Elwin Hope Wilson leans back in his recliner, a sad, sickly man haunted by time.
Antique clocks, at least a hundred of them, fill his neat ranch home on Tillman Street. Grandfather clocks, mantel clocks, cuckoos and Westministers, all ticking, chiming and clanging in an hourly cacophony that measures the passing days.
Why clocks? his wife Judy has often asked during their 49 years together.
He shrugs and offers no answer.
Wilson doesn’t have answers for much of how he has lived his life — not for all the black people he beat up, not for all the venom he spewed, not for all the time wasted in hate.
Now 72 and ailing, his body swollen by diabetes, his eyes degenerating, Wilson is spending as many hours pondering his past as he is his mortality.
The former Ku Klux Klan supporter says he wants to atone for the cross burnings on Hollis Lake Road. He wants to apologize for hanging a black doll in a noose at the end of his drive, for flinging cantaloupes at black men walking down , for hurling a jack handle at the black kid jiggling the soda machine in his father’s service station, for brutally beating a 21-year-old seminary student at the bus station in 1961.
In the final chapter of his life, Wilson is seeking forgiveness. The burly clock collector wants to be saved before he hears his last chime.
And so Wilson has spent recent months apologizing to “the people I had trouble with.” He has embraced black men his own age, at the same lunch counter where once they were denied service and hauled off to jail as mobs of white youths, Wilson among them, threw insults and eggs and fists.
Wilson has carried his apology into black churches where he has unburdened it in prayer.
And he has taken it to Washington, to the office of Atlanta, the civil rights leader whose face Wilson smashed at the Greyhound bus station during the famed Freedom Rides 48 years ago.of
The apologies have won headlines and praise. Letters have poured in, lauding Wilson’s courage. Strangers, black and white, have hailed him as a hero.
But Wilson doesn’t feel like a hero. He feels confused. He cannot fully answer the lingering questions, the doubts. Where did all the hate come from? And where did it go?
And the question he gets asked most often: Why now?
“All I can say is that it has bothered me for years, all the bad stuff I’ve done,” Wilson says, speaking slowly and deliberately. “And I found out there is no way I could be saved and get to heaven and still not like blacks.”
If you do get to heaven, his wife points out, they’re going to be there with you.
All his life, Wilson has brandished his meanness like a badge of honor. To mess with Elwin Wilson, he says, meant a fist in your face. Especially if you happened to be black.
“I wasn’t ever scared of no one, or nothing,” says Wilson, still a tall, strapping man despite his illness.
“You were scared of the ghost of that black man you saw rocking in the chair,” his wife reminds him, describing the nightmare several years ago when he furiously beat his fists into thin air.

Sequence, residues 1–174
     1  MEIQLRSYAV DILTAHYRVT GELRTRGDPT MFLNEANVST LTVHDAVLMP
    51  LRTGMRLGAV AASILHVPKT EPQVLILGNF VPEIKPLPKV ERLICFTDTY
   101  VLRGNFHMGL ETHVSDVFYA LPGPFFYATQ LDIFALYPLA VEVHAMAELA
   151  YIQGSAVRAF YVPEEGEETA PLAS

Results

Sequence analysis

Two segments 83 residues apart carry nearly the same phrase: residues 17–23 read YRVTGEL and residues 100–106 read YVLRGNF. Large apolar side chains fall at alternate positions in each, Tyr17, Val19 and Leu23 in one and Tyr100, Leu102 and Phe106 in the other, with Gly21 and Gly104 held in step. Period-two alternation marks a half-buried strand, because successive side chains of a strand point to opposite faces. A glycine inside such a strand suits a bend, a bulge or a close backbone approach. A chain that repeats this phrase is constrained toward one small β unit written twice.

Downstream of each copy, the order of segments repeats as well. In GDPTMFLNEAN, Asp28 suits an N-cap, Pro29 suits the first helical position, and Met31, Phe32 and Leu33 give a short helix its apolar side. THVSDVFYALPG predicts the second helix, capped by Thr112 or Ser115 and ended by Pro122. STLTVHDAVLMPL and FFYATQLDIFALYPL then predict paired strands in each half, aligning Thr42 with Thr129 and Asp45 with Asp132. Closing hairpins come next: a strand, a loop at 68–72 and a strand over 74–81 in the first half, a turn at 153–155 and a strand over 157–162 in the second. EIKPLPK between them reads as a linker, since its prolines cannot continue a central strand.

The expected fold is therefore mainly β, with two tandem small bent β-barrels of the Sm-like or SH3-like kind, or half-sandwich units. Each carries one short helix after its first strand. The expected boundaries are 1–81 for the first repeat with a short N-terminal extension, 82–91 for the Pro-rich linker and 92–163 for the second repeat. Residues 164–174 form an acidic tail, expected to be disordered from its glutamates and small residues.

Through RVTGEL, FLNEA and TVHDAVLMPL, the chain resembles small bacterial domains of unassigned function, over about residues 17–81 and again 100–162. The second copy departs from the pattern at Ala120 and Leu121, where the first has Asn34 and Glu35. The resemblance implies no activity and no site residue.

Wilson narrows his eyes and scowls at her.
Wilson has a pale face, thin white hair and small pursed lips that rarely smile. Even recent fame hasn’t encouraged him to be sociable. He doesn’t care what people think of him and bluntly declares, “I might like you one day and not the next.”
Wilson’s 49-year-old son, Chris, describes his deep embarrassment growing up with a father who was always bracing for a confrontation. He would holler at blacks in restaurants, sneer at them in public, brazenly use the N-word in front of Chris’ teen friends.
“He was real hard to live with,”says.
The recent apologies have stunned the son as much as anyone, inspiring a genuine pride in his father he never felt before.
For his part, Wilson seems unsure where his racism originated. It certainly wasn’t inherited, he says. He was an only child; his parents treated everyone equally, though Wilson says his father, who owned several gas stations in town, once told him that his grandfather and grandfather’s brothers had been involved with the Klan.
“I guess it was just the crowd I ran with,” Wilson says with a shrug. “It was sport.”
Sport was running moonshine with the likes of Junior Johnson, the famed NASCAR driver who honed his skills outracing police on the back roads of Wilkes County, N.C. Sport was gunning his 1955 Chevrolet — his “little red wagon” — in drag races all over the state.
Sport was marching down Main Street behind hooded members of the KKK. And taunting the young black students who, week after week, walked silently to the segregated lunch counters of Woolworth’s and McCrory’s only to get arrested by police.
Sport was drunkenly releasing flying squirrels in the bedroom where his young wife slept. Or dragging her to a black speakeasy after a day of catfishing, to show off his skills dancing shag.
“He could dance real well,” she says. “But I was scared to death.”
Sport was heckling the black protesters on Main Street as they solemnly held placards in front of the segregated stores. “Segregation, America’s shame,” the handwritten signs read. “No color line in Heaven.”
And sport was lying in wait for a certain bus to pull into the Greyhound depot on May 9, 1961. Freedom Riders, they were called, black and white students traveling through the South, testing the new desegregation laws at bus station restaurants and restrooms.
Lewis described what happened in his autobiography, “Walking with the Wind: A Memoir of the Movement.”
“I approached the ‘WHITE’ waiting room in the Rock Hill Greyhound Terminal, I noticed a large number of young white guys hanging around the pinball machines in the lobby. Two of these guys were leaning by the doorjamb to the waiting room. They wore leather jackets, had those ducktail haircuts and were each smoking a cigarette.